Cutting the Cord
Reduce costs by dumping the expensive cable TV package for streaming services.
Did they sell you the phone service too? Read to the end to set up free phone service.
TLDR: YouTube TV on Google TV Chromecast to replace cable box, Google Voice on OBI200 to replace home phone.
My cable bill was up to nearly $275 per month when streaming became a thing in 2016. I tried out this service called PlayStation VUE. This was one of the first streaming services that included all the local networks like NBC, ABC, CBS, and Fox along with many of the other networks I was getting in my cable package. I could pause live TV and DVR shows to the cloud to watch any time and fast forward through the commercials. It even offered on-demand programming. PlayStation VUE never really caught on. The name implied that it required a PlayStation game console to get it. In fact, the service could be watched on most streaming devices: iPhone, Android, PC, Mac, many smart TVs and, Roku, Fire TV, Apple TV, and yes, on a PlayStation too. Why Sony stuck with that name is beyond me, but it eventually sunk the service.
There have been many streaming services featuring live TV since PSVUE. The big players in live TV streaming services are YouTube TV, Sling TV, Hulu, Philo, Apple TV+, and AT&T TV. Each of these offer some form of live TV, cloud DVR and on-demand programming. Now, I am sure your familiar with the other services like Netflix, Amazon Prime Video, Disney Plus, HBO Max and VUDU. They have their place in your entertainment library and I will cover those at the end of this article, but they do not have live TV. Here, I will cover those services that can replace that big, clunky cable box and the service behind it.
The last time I compared all these live TV services was when I switched from PSVUE to YouTube TV. The mix of cost and features paired with the fact that it had all the local, live networks made it the right choice for me. Each one offers a free trial. Take advantage of those and see for yourself which one is right for you.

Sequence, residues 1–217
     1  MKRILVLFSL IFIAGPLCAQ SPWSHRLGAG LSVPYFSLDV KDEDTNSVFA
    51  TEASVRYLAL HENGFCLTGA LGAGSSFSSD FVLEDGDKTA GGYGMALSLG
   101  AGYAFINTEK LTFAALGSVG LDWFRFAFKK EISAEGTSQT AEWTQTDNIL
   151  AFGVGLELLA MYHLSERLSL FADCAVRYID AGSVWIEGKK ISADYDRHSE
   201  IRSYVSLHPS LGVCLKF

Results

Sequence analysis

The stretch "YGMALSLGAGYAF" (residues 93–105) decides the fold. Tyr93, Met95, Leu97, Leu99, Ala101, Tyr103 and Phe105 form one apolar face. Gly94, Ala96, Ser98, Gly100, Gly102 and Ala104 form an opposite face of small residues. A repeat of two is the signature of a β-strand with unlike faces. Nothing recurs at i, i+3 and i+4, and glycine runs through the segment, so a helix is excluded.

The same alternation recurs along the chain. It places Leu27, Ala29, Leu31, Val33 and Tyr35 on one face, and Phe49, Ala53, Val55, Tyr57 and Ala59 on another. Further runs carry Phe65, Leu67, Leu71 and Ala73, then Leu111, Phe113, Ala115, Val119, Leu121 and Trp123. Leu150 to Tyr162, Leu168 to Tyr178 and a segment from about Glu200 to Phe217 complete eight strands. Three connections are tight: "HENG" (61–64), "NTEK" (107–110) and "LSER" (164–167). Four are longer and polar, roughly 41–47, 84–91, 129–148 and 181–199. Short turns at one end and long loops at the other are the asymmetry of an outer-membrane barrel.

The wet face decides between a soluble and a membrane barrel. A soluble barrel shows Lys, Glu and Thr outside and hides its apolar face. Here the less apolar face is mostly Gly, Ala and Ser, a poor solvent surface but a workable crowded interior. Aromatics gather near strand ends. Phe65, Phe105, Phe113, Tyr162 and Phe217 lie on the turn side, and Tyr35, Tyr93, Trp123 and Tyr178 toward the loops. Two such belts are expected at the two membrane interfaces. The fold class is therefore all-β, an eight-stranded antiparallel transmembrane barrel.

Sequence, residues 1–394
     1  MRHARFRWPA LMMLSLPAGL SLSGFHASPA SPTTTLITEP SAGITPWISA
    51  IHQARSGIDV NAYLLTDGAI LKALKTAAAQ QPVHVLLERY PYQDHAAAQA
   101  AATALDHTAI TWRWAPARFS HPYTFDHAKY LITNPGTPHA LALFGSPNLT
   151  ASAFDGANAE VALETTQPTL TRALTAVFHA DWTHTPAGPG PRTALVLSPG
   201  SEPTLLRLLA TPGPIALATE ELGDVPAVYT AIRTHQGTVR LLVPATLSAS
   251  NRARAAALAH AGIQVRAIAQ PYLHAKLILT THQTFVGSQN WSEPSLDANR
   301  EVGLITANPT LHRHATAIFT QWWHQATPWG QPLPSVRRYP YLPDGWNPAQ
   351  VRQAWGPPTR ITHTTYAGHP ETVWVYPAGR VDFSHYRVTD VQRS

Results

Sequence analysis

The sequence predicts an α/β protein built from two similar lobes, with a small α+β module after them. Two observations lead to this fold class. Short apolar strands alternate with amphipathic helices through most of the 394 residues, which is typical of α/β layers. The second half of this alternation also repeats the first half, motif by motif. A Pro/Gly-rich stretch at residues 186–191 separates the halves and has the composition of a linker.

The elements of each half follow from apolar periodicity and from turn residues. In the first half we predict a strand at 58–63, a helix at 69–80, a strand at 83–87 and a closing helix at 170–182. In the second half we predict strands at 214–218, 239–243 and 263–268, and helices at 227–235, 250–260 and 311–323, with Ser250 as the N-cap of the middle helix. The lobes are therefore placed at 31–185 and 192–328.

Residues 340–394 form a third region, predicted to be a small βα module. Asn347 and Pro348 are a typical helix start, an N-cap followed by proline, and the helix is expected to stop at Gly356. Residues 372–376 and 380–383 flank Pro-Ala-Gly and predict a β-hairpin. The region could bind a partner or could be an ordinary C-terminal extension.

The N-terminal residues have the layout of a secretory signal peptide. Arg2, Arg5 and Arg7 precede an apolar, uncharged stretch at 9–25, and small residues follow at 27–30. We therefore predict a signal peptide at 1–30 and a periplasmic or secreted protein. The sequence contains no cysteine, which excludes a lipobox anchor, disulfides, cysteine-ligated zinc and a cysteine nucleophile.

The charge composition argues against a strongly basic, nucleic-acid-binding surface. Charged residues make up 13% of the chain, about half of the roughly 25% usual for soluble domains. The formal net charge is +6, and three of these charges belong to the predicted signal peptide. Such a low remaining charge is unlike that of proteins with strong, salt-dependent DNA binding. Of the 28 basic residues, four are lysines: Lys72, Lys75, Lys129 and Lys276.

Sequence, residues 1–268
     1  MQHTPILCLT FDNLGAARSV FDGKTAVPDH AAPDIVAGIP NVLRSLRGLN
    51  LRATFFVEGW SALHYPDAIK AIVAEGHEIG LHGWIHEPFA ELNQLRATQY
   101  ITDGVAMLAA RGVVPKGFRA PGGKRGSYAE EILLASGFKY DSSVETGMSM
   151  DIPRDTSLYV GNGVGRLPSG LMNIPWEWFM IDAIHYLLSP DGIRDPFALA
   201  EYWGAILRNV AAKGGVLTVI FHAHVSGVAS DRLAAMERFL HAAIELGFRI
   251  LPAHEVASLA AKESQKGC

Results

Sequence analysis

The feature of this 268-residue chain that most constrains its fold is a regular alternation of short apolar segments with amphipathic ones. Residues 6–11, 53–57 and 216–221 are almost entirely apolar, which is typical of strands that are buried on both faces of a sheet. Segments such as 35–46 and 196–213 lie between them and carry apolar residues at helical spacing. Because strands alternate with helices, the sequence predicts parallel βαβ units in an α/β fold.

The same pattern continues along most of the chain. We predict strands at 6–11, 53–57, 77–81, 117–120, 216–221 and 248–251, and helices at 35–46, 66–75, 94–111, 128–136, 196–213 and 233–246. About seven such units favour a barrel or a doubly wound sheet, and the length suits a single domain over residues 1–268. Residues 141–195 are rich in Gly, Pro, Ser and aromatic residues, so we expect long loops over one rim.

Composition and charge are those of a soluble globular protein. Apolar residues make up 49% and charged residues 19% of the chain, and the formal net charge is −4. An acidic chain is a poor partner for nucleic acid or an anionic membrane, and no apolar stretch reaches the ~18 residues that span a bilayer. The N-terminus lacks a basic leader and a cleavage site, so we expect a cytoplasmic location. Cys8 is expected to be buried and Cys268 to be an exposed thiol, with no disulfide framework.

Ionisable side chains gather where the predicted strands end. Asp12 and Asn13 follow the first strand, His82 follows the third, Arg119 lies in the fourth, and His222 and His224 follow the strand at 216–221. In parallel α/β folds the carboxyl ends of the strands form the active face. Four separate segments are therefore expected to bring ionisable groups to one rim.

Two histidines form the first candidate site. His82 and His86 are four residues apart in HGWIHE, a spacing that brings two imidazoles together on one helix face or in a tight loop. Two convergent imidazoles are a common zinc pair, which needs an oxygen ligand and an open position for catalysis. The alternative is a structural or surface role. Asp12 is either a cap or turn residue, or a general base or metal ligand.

How do you start?
First, bluff. Call your cable company and tell them you would like to cancel your account just to see what they will do for you. You will likely be transferred to Customer Retention where they might offer to discount your services with them by up to 50% for a year. Just be careful not to actually cancel your service before you port your phone number. If you are satisfied with their offer, take it and stop here. But if you are curious like me, keep reading.
Do you have telephone service with the cable company? Or with Verizon who still charges for long distance (can you believe it?). Here is how you get around that. Google Voice is a free telephone service that comes as part of your free Google account. You can select a phone number they give you, or you can port (move) your existing number over to them. You can use this number to make and receive calls from your computer, iPad, laptop, Android phone, whatever. Next, for about $50 on Amazon, you can get an OBI200. This is a little box that you connect to your router and house phone so you can use Google Voice with your home phone. This does take a little configuration to get started, but once it’s set up, you never have to mess with it again.
It’s important to note here that when you port your phone number, you should NOT cancel your existing phone service first. If you do, your phone provider will take your number back and give it to someone else. Let Google initiate the port. Once the port is complete (after about 24 hours), your phone service at your old provider will cancel automatically.
You will need to keep internet, but you have options. The cable company probably has the best speeds, but the local telephone company might have run fiber optic service to your neighborhood that will provide service fast enough for streaming TV and all your other devices. Check this site to see what’s available in your area.